The privacy attitudes of 15,000 consumers from 15 countries

Spanning 15 countries and 15,000 consumers, the the EMC Privacy Index reveals consumers hold viewpoints on privacy that vary widely by geography and the type of activity engaged in while online.

The long-standing debate over how much visibility governments and businesses should have regarding people’s private activities, communications and behaviors has continued into the online world. The study explores how consumers worldwide view their online privacy rights and measures willingness to forfeit the benefits and conveniences of the connected world for the assurances of privacy.

The conclusion? People want benefits of technology without sacrificing privacy. Three privacy paradoxes emerged, each with powerful implications for consumers, businesses and technology providers:

“We Want it All” Paradox: Consumers say they want all conveniences and benefits of digital technology, yet say they are unwilling to trade privacy to get them.

“Take No Action” Paradox: Although privacy risks directly impact many consumers, most say they take virtually no special action to protect their privacy – instead placing the onus on those handling their information such as government and businesses.

“Social Sharing” Paradox: Users of social media sites claim they value privacy, yet they say they freely share large quantities of personal data – despite expressing a lack of confidence and trust in those institutions to protect that information.

People behave differently depending on the type of activity, which can be categorized with a number of online personas (or “Me’s”), each with different attitudes towards privacy. The six personas evaluated include:

  • Social Me – interaction with social media sites, email programs, text/SMS and other communications services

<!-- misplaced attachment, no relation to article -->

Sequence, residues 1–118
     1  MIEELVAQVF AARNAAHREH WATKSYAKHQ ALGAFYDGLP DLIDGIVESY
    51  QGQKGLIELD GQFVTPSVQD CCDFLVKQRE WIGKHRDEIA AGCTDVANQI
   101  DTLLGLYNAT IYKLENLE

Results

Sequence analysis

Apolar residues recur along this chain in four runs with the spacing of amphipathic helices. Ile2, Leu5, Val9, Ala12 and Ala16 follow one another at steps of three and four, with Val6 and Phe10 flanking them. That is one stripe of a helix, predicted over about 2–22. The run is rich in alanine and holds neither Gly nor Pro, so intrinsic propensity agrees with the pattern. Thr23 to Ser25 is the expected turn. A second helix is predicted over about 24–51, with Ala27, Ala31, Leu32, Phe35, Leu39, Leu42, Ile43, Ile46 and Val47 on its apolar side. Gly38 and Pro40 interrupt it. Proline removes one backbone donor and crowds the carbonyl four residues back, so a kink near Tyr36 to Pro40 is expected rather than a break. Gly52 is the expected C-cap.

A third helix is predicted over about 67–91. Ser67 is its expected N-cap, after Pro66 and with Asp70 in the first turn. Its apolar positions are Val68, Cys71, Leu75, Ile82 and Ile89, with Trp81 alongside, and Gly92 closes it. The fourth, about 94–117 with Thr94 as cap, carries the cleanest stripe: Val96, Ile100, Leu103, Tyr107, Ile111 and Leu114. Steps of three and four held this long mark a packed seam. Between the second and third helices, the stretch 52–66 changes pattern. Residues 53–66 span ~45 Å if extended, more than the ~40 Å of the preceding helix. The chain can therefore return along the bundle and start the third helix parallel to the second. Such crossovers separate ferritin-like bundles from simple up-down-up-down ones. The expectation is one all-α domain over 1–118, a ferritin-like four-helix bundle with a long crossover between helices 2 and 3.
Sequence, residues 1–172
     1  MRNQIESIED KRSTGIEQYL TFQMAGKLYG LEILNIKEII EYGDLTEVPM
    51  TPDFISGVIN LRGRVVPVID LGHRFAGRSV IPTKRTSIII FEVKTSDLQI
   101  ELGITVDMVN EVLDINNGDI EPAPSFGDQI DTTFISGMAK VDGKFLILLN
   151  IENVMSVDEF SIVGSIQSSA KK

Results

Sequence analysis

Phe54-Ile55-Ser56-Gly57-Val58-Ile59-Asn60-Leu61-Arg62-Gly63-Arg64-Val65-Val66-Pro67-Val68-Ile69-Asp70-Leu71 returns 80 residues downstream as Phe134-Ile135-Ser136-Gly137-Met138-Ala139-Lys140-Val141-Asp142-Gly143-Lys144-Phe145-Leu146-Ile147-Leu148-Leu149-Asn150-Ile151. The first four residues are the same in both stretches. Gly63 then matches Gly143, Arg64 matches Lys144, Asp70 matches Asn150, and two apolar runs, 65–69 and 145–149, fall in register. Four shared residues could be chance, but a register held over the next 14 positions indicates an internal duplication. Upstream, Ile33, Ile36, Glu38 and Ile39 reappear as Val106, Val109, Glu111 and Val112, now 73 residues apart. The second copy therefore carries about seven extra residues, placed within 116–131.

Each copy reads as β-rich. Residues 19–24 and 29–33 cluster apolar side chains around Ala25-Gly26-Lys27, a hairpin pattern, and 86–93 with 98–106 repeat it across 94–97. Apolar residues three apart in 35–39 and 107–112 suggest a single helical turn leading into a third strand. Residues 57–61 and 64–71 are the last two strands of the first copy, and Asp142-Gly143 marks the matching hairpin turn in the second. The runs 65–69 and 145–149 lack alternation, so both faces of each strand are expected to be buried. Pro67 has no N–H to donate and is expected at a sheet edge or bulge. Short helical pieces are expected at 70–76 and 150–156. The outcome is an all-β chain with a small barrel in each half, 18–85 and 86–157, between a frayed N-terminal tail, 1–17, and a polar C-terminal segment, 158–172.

• Financial Me – interaction with banks and other financial institutions
  • Citizen Me – interaction with government institutions
  • Medical Me – interaction with doctors, medical institutions and health insurers
  • Employee Me – interaction with employment-related systems and Web sites
  • Consumer Me – interaction with online stores.

Viewpoints on privacy vary wildly by persona. For instance, viewed through the lense of the citizen persona respondents showed the greatest willingness to forfeit privacy – to gain protection or for easier and more efficient online access to government benefits. Meanwhile, their “social” persona claims to be the least willing to give up privacy for greater social connectedness.

Michael Kaiser, Executive Director, National Cyber Security Alliance, said: “The data captured in the EMC Privacy Index gives a fascinating view into the attitudes of global consumers and validates a fundamental point – respecting privacy and safeguarding data is a core value that should be shared by businesses, governments and individuals to enable a more trusted ecosystem. If organizations are transparent and accountable for their information management practices, individuals will be able to better manage their digital lives consistent with how they want to share information about themselves.”

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